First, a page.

Willamette Project Biological Opinions:
What are they—and what do they mean for the Willamette Basin?
Mindy Simmons, U.S. Army Corps of Engineers
Noon to 1 pm
Portland Building Auditorium (2nd Floor)
1120 SW Fifth
Mindy M. Simmons, Willamette Program Manager for the U.S. Army Corps of Engineers’ Portland District will describe the Biological Opinions for the Willamette Project and explain the major actions they require at an upcoming Rivers Office brownbag.
In July 2008, two “BiOps” were issued under the Endangered Species Act (ESA) by the National Marine Fisheries Service and the U.S. Fish and Wildlife Service. These BiOps cover the operation of the 13 Willamette Project dams and reservoirs, maintenance of 42 miles of revetments, and operation of the Hatchery Mitigation Program.
The BiOps require the U.S. Army Corps of Engineers, Bonneville Power Administration, and the U.S. Bureau of Reclamation to implement over 90 actions to improve conditions for ESA-listed spring Chinook salmon, winter steelhead, bull trout, and Oregon chub.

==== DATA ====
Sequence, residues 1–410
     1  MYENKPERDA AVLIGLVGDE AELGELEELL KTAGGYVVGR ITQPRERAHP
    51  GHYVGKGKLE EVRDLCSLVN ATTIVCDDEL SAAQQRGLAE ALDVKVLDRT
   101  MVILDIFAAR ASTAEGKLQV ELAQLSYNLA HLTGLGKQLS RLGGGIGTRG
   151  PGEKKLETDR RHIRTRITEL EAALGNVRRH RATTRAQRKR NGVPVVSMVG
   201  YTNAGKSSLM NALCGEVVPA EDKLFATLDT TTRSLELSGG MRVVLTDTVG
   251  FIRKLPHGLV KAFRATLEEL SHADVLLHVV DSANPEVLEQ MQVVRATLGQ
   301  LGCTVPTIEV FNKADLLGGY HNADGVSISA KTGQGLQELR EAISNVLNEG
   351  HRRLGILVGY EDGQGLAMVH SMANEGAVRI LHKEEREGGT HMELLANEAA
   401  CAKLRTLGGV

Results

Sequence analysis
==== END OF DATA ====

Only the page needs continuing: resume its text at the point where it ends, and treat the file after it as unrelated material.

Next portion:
Actions include designing and building fish passage facilities to reintroduce fish upstream of the high-head dams. However, the BiOps also require the agencies to improve habitat downstream of the dams by correcting water temperatures, providing the appropriate amount of water, and improving physical habitat.
Because of the wide range of effects of the Willamette Project on these species, the range of required actions is broad, interdisciplinary, and will be technically challenging to implement on the specified timeline.
Mindy’s presentation will:
· answer the question “what is a BiOp, anyway?”,
· describe the major effects of the Willamette Project on fish and habitat,
· describe the major actions required over the next 15 years, and
· highlight some of the challenges we face in recovering fish in the Willamette Basin.
For more information, call 503.823.0275.